Leuphana University is very much committed to the guiding principle for sustainability: in 2002, it decided to achieve climate neutrality, firstly by buying certificates but in the long-term through its own efforts. The plans for constructing the new central building provided an opportunity to fundamentally reconsider the energy supplies for the campus. In addition to the energy-efficient design of the new-build scheme for the central building and its incorporation into the existing energy system on the campus, it was also decided to optimise this system exergetically and to convert it to using renewable energy sources. In addition, it is also planned to successively refurbish the existing buildings.
The concept intends to use the existing local heating network. However, the energy supplies will be put out to tender again at the beginning of 2014 when the current supply contract runs out and the new central building is completed. Because the Bockelsberg area is physically connected to the existing CHP and heating network, it is intended to integrate this area into the planning. The plan foresees the utilisation of exergetically optimised, cascaded heat by means of the various supply temperatures required in the network. Seasonal heat storage shall also make a contribution, for example in the aquifer. The exergy efficiency and greenhouse gas reduction criteria will be assessed in the tendering process using a point system. It is intended to optimise the energy system in conjunction with an external service provider.
The planning for the central building is mostly completed and it has already received planning permission. The laying of the foundation stone will take place in May 2011 and the building will be built by the university on its own initiative.
The planned expansion of the campus buildings will increase the available usable space by around 25%. It is intended that the overall energy consumption of the Campus property will not increase but will instead be lowered through refurbishing the existing buildings. It is planned to reduce CO2 emissions and the primary energy requirements to zero net or less than zero by means of energy saving measures and by optimising the energy system. For example, refurbishment measures in the existing buildings include replacing windows, installing internal and external thermal insulation, installing insulation on the basement ceiling and upper storeys and in the roof space, as well as optimising the ventilation system (for example in the laboratory building) and the very inefficient cooling system, which is also in the laboratory building. Since it is intended to retain the existing facade with its characteristic brick elevation, this will require the deployment of innovative insulating materials.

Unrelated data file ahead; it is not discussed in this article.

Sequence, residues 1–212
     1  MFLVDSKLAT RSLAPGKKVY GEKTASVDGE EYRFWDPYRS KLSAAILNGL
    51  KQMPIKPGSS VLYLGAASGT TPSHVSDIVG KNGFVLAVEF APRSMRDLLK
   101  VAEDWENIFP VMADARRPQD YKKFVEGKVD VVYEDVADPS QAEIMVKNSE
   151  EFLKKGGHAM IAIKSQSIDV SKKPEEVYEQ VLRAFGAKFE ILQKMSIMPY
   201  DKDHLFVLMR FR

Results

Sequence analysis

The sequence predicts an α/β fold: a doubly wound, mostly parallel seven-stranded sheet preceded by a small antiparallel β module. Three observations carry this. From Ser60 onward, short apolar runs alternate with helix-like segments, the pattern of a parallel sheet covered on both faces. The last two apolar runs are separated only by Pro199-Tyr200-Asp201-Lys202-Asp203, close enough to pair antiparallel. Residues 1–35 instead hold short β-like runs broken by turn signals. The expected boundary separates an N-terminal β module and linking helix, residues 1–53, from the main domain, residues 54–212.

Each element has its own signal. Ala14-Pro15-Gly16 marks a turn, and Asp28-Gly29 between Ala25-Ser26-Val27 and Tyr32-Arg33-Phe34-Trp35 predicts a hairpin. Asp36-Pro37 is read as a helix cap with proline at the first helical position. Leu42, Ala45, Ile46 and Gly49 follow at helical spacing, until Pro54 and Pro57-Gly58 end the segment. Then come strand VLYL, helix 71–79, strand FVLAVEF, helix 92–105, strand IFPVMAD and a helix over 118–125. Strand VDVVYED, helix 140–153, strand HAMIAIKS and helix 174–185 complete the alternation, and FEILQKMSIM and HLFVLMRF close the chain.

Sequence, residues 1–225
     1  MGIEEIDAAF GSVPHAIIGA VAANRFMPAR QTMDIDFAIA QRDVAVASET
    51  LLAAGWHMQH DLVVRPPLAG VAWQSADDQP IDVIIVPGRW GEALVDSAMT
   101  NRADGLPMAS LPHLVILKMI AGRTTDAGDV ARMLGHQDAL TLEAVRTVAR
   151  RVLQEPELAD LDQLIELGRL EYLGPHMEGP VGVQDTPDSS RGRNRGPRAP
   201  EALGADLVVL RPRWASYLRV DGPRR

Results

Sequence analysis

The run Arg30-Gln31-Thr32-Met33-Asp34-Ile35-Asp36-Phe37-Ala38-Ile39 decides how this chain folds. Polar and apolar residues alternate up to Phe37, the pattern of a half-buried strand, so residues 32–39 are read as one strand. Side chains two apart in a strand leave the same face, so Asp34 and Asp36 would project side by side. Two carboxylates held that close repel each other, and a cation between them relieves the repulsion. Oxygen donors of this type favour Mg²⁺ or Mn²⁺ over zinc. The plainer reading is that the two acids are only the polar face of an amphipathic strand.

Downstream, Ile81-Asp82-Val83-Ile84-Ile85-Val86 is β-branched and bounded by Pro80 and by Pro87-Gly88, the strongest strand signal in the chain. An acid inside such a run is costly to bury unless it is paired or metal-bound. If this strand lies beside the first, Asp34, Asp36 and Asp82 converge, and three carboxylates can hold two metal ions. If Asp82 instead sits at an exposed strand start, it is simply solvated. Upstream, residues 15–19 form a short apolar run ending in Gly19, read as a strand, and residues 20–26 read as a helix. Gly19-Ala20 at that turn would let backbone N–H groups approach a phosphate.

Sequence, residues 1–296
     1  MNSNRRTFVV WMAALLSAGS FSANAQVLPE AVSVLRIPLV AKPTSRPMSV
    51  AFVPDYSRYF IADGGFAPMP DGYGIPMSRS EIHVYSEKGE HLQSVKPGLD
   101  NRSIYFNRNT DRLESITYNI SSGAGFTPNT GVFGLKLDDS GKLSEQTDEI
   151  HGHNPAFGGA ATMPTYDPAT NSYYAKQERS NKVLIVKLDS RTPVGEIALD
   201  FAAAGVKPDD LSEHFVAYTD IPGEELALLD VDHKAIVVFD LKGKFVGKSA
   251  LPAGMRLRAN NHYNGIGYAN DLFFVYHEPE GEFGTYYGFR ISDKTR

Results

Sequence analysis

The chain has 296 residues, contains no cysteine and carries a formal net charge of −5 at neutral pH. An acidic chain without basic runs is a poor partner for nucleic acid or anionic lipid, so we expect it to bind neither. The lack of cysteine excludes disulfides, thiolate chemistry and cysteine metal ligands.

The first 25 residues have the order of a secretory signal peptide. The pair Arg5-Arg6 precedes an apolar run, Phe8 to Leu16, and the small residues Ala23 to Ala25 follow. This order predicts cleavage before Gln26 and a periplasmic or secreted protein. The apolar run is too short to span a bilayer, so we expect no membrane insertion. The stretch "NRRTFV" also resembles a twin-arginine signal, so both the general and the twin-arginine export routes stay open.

By integrating a seasonal thermal storage system, it is intended to maximise the degree of utilisation of the renewable CHP heat or comparably generated heat (e.g. solar thermal). The exergetically sensible, cascaded utilisation of energy is designed to make optimum use of the existing temperature levels.
The planning and construction of the new central building enables a diverse range of innovative measures to be implemented for reducing the energy requirements. These include its flexible and exergetically optimised incorporation into the campus energy system. The following measures are planned:
The use of medium- and low-temperature heating systems with 55°C and 30°C supply temperatures, whereby the thermal load of the individual temperature levels shall be controlled in accordance with the network status.
- Vacuum insulation (glazing and panels)
- Use of phase change materials (PCM)
- Optimised ventilation through using frequency-commutated motors, large cross-sections and the use of raised floors for distributing the air at the storey and room levels.